: Giving hints or clues as to what might happen later.
Dangerous actions or events
: Having a main character face bodily harm, firsthand.
As you watch this next clip. Take note of how the suspense is created. Does the director use foreshadowing, dangerous actions/events, pacing, or all three?
Point of View
First Person
Third Person Omniscient
Third Person Limited
-Is a character in the story.

-Reader gets a first hand account of conflicts and complications as they occur.

-Reader can not trust a first person narrator. Because the narrator is directly involved in the action, reader never knows whether or not narrator is telling the truth. Narrator could be lying to make him/herself look better.
Key Words:
I, me, we, us, our
-Not a character within the story
-Tells the story by expressing the thought process, emotions, and decisions of
only one
character within the story.

-Allows reader to get inside character's mind to understand thoughts, feelings, emotions, conflicts.

-Reader learns about events as character does.
-Only get thoughts/emotions of one character. Story may be biased (one sided).

Key words: he, she, they, their, his, hers
-Not a character in the story
-Tells the story by expressing the thoughts, emotions, and decisions of many/all main characters in the story.

-This point of view is most trust worthy/least biased. Reader is told the thoughts of many characters. Therefore, reader experiences most/all sides of the story, conflicts, events.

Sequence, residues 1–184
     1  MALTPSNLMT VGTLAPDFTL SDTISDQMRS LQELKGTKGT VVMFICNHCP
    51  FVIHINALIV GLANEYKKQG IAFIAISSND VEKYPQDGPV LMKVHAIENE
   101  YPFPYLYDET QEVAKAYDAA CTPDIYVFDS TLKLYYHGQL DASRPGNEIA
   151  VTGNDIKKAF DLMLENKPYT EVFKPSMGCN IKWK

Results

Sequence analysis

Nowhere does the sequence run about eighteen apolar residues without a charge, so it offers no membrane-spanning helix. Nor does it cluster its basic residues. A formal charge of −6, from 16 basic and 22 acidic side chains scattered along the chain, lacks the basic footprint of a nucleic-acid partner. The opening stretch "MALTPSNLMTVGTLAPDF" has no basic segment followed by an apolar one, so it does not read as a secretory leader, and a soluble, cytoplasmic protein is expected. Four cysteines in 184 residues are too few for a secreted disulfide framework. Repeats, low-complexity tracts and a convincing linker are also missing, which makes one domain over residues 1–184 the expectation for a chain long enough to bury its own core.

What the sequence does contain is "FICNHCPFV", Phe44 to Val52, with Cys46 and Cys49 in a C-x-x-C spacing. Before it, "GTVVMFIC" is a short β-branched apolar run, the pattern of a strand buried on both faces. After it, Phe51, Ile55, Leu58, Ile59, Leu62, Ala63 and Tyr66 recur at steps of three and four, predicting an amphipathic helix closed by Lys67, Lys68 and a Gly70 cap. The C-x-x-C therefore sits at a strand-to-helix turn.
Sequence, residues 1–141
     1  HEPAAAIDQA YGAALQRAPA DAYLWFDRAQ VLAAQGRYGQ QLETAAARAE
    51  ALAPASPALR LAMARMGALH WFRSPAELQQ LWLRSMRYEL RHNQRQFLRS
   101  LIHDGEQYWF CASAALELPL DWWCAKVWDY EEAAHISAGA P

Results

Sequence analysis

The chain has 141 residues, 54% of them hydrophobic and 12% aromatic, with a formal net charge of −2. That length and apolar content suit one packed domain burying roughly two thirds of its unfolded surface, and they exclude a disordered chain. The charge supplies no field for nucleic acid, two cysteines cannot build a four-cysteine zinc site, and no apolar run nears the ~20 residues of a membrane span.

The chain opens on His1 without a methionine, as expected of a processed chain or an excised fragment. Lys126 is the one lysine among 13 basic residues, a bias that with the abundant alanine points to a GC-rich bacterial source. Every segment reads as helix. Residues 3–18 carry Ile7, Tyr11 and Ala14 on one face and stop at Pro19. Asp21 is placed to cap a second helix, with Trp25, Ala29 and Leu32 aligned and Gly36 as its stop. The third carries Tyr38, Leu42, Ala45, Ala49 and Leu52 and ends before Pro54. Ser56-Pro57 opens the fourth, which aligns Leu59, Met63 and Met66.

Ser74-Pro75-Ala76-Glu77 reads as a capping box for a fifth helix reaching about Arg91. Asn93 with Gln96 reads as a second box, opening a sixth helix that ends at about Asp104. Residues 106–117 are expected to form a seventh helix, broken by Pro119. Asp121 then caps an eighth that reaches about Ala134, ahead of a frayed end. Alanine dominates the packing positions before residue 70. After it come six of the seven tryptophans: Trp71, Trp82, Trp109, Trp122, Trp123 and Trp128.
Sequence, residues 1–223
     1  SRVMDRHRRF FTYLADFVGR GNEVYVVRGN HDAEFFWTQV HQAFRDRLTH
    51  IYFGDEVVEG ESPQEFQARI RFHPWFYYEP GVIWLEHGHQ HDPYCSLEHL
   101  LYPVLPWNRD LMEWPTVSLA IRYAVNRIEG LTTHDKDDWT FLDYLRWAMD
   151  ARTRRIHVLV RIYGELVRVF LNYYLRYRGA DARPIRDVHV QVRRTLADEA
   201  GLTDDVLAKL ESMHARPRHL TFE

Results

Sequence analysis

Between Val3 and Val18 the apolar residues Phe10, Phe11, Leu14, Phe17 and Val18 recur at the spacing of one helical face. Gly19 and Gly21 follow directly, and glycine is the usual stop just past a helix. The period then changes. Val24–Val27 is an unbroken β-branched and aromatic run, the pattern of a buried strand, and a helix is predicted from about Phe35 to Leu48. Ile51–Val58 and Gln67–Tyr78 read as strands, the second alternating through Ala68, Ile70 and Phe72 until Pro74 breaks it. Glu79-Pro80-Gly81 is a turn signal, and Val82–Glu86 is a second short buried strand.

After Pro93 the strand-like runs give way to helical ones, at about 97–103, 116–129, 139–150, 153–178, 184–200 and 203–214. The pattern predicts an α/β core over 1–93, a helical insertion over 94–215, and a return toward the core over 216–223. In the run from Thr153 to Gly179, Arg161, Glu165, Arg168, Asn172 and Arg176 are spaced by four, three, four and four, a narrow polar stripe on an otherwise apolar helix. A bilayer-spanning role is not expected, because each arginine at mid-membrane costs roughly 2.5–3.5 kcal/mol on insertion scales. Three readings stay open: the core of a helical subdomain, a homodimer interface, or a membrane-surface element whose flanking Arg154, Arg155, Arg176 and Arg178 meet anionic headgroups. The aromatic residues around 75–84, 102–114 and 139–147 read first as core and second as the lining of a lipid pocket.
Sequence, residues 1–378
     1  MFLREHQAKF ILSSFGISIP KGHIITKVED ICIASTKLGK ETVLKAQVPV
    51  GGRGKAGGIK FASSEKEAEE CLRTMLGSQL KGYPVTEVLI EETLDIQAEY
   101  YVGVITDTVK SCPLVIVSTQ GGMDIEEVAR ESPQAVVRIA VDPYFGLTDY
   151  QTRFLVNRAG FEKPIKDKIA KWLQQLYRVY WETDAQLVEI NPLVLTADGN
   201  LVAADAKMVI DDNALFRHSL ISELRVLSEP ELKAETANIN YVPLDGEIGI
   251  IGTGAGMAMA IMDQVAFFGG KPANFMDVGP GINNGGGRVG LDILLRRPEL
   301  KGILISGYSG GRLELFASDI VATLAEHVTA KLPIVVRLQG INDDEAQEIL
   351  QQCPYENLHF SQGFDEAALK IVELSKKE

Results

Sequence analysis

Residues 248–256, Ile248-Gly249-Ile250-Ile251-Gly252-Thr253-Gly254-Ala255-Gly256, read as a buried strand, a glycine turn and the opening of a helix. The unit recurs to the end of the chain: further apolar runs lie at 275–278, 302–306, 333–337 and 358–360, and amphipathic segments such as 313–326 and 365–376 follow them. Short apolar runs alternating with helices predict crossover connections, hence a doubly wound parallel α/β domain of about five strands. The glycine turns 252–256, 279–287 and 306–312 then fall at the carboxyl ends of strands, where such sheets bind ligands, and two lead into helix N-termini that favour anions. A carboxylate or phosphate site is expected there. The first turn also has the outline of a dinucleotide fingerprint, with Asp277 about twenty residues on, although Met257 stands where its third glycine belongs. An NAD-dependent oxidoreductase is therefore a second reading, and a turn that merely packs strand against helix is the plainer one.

-Author cannot incorporate as much suspense and irony because reader knows often knows all.
Key words: She, he, her, him, they, their, them
While watching these clips, decide from which point of view they are narrated.

A statement that teaches the reader a lesson about human nature or life in general.
The author doesn’t typically tell us the theme. It is usually implied. We have to figure out what it is!
What is the life lesson of this story?
How can I figure out the theme of a story??
What is the message that the author is
trying to convey?
What is the big idea?
What universal lesson can you draw from
this story and apply to your own life?
Often, a
character must learn this lesson in order to undergo change.
As you watch this clip, identify the theme.
What life lesson is the author trying to teach?
Authors can use different literary elements
such as character development, irony,
and figurative language to create different themes.

Themes are
This means that all readers
can identify or relate to these
lessons in some way.
Description that creates mental pictures/images in the readers' mind while reading.
By triggering the five senses
2) Smell
3) Taste
4) Touch
5) Hear
The clay oozed between Jeremy's fingers as he let out a squeal of pure glee.